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Imagine you are the boss of a multinational company with a long-planned meeting with an authoritarian leader of a vital trading partner. Then just before the scheduled get-together, he decides to invade one of his neighbours. What do you do?

That, roughly, was the position of Joe Kaeser, chief executive of Germany’s Siemens, as he decided to go through with a meeting with Vladimir Putin this week at the Russian president’s nineteenth century country residence on the outskirts of Moscow. Read more

Gideon Rachman

Wednesday night’s debate in Britain between the standard-bearers of the pro- and anti-EU camps came out as a victory for the eurosceptic, Nigel Farage, over the pro-European deputy prime minister, Nick Clegg. That is not my judgement, it is the verdict of the polls. A snap poll showed that 57% of viewers had Farage winning, whereas 36% had Clegg ahead. That verdict is extra-depressing for pro-Europeans since the polling company weighted the audience to make sure that it was as neutral as possible. Read more

Drive-in movie shows ‘Marty McFly’ from Back to the Future

Mr Abbott has been dubbed ‘Marty McFly’ for his decision to reinstitute the titles of knights and dames in Australia

By Jamie Smyth

“Welcome to Abbott’s bunyip aristocracy”, screamed the headline on the front page of Wednesday’s Sydney Morning Herald.

This was the newspaper’s satirical take on Australian Prime Minister Tony Abbott’s surprise decision to reintroduce an honours system Down Under based on the regal titles of knights and dames.

Twitter provided a stream of satirical comments, while the Sydney Morning Herald’s reference to the “bunyip aristocracy” invoked the mythological aboriginal devil creature that was used to ridicule conservatives’ 19th century attempts to develop an aristocracy.

Outgoing Governor General Quentin Bryce and her successor Peter Cosgrove – who takes over as Queen Elizabeth II’s representative in Australia on Friday – will be the first to receive the titles. As many as four new awards will be recommended by the prime minister and approved by the Queen each year, with the governor general occupying the position of “principle knight or dame in the Order of Australia”. Read more

Turkey in turmoil over Erdogan’s Twitter ban
Gideon Rachman is joined by Daniel Dombey, Turkey correspondent, and Leyla Boulton, head of special reports and former Turkey correspondent, to discuss Prime Minister Erdogan’s ban on Twitter and what the year ahead holds for the country and its divisive leader. The Twitter ban adds to a growing cloud of controversy, with allegations of corruption and a blackmail ring also engulfing Turkey’s political system, but Erdogan has retained much of his support from conservative groups and is still polling broadly above 40 per cent as this weekend’s local elections approach.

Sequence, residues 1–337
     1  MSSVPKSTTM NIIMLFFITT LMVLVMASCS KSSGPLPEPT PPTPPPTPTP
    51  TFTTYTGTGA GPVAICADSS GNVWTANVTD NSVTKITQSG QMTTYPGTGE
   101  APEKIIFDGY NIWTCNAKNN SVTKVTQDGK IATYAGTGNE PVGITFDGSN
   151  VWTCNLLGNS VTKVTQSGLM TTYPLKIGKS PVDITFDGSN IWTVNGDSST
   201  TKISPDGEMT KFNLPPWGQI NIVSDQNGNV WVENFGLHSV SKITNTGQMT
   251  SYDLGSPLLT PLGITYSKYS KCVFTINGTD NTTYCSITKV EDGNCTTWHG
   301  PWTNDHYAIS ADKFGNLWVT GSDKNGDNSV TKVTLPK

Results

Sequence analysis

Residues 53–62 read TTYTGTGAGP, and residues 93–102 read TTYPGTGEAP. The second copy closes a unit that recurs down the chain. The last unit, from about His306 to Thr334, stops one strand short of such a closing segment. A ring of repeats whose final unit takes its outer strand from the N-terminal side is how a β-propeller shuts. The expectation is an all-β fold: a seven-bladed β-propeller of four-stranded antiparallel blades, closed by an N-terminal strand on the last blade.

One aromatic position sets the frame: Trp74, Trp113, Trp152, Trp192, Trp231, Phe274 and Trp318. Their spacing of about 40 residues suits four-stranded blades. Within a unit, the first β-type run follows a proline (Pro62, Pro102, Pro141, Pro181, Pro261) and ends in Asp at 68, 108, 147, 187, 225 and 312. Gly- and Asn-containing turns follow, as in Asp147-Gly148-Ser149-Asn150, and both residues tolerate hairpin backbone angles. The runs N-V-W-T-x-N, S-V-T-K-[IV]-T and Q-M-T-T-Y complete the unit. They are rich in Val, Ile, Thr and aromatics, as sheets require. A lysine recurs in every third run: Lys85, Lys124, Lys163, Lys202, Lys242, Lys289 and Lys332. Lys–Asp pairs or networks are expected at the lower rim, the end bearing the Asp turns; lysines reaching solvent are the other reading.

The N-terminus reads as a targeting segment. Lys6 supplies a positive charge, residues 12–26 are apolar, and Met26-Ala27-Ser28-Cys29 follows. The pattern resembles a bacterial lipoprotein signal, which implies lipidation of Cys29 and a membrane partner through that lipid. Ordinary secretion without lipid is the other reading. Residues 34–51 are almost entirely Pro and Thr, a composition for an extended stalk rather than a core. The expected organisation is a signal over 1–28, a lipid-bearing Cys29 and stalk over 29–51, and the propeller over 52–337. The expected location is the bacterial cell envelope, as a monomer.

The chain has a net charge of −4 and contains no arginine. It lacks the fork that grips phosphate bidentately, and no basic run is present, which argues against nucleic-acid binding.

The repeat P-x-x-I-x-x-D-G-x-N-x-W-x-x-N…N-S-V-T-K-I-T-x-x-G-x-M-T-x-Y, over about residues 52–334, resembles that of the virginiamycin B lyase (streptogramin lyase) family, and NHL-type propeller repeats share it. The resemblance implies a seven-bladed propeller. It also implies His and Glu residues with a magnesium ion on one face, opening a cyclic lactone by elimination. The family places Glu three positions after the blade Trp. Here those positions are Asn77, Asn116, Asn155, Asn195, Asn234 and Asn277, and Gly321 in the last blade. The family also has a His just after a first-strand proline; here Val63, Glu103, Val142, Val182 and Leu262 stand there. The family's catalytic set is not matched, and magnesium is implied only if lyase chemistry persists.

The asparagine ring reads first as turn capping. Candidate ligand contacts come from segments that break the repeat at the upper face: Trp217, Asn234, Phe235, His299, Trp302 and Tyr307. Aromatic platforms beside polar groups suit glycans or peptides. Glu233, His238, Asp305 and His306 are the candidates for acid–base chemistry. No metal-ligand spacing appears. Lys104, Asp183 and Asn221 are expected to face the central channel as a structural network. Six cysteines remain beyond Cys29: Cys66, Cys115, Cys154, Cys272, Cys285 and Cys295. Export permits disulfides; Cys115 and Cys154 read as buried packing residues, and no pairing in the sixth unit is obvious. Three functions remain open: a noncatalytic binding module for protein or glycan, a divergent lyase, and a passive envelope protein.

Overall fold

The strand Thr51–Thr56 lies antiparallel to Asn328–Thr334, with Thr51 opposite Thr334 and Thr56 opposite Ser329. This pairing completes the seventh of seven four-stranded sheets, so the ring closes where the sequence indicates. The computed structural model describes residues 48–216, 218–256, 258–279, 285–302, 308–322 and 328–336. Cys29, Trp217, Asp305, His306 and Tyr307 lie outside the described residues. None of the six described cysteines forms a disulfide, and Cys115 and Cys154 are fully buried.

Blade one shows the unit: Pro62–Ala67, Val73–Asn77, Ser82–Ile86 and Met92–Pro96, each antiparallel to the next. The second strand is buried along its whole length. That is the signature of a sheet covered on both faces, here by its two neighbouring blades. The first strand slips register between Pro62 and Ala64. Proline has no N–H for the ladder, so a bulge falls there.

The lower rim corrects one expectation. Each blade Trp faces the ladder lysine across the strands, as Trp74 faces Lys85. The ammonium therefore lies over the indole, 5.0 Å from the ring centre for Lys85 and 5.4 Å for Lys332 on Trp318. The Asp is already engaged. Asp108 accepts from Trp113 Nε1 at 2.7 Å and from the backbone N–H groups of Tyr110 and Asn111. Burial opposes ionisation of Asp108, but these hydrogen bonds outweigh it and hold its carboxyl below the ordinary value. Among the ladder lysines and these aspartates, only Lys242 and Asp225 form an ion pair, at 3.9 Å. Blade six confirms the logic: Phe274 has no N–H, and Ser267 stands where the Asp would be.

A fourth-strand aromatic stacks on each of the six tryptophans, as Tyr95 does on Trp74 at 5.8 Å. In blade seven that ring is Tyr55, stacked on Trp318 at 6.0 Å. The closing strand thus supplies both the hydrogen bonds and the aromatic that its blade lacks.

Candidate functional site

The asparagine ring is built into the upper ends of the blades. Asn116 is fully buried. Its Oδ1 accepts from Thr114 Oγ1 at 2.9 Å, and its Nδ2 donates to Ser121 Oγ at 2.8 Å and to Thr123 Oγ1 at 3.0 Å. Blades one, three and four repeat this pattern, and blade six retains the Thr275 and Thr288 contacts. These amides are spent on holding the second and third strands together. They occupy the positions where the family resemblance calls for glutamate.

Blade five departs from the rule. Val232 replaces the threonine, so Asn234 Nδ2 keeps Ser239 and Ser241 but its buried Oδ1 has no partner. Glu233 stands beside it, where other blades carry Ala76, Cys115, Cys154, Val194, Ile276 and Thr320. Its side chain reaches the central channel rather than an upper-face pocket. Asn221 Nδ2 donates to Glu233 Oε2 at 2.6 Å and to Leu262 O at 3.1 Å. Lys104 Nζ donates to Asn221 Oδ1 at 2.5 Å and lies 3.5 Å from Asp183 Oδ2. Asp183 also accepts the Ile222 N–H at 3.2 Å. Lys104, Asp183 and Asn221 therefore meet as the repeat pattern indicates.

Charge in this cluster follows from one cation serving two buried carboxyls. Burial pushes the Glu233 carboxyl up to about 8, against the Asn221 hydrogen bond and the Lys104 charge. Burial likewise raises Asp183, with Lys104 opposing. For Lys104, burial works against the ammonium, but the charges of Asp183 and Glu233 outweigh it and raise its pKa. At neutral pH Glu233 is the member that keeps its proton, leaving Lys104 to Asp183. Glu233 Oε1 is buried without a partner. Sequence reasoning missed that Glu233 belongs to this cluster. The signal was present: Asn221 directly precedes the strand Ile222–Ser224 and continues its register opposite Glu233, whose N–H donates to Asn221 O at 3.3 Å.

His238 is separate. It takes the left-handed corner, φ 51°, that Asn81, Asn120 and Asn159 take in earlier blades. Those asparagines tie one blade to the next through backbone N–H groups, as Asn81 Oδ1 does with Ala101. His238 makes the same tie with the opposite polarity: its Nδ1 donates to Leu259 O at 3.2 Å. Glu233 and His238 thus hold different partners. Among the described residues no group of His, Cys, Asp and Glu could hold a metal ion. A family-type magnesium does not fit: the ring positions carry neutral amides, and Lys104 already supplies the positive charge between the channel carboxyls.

Roula Khalaf

 

Egyptian policemen standing guard outside the courthouse in Minya during the trial of some 683 Islamists on March 25, 2014. AFP/Getty Images

That Egypt’s judiciary is politicised is nothing new. Usually, though, at least it goes through the motions of a trial, allowing some form of defence and taking its time in issuing controversial verdicts.

A court in the southern city of Minya, however, has dispensed with all formality, opting instead for an absurd and outrageous miscarriage of justice. On Monday, it delivered the biggest mass death penalty in the country’s modern history, sentencing 529 Muslim Brotherhood followers to death for an August attack on a police station, in which the deputy police chief was killed. The defendants’ lawyers were not allowed into the proceedings – which lasted a mere two days. Read more

♦ In the new cold war, Russia could hit the US where it hurts – in Iran.

Vladimir Putin has confounded three US presidents as they tried to figure him out.

♦ The decision in Egypt to hand the death sentence to 528 Muslim Brotherhood members was widely condemned, but Egyptian TV told a different story.

♦ The US is losing its edge as an employment powerhouse after its labour participation rate fell behind the UK’s.

♦ Russia’s actions in Crimea have sent a chill through its former Soviet neighbours in Central Asia and the Caucasus.

♦ American economist Hyman Minsky is back in vogue as his ideas offer a plausible account of why the 2007-08 financial crisis happened.

♦ A report on how former Tunisian president Zein al-Abidine Ben Ali changed the rules of business underlines the challenges still facing the country. Read more

Tony Barber

Until a week ago, it looked as if the far-right, anti-immigrant Freedom party (PVV), led by Geert Wilders, might become the largest Dutch political party in the European parliament after the May 22-25 elections to the EU assembly.

But that was before Mr Wilders offended large sections of Dutch opinion, and provoked high-level resignations from the PVV, by making incendiary, xenophobic remarks at a political rally. His party, once top of the opinion polls, is falling back as a result. Read more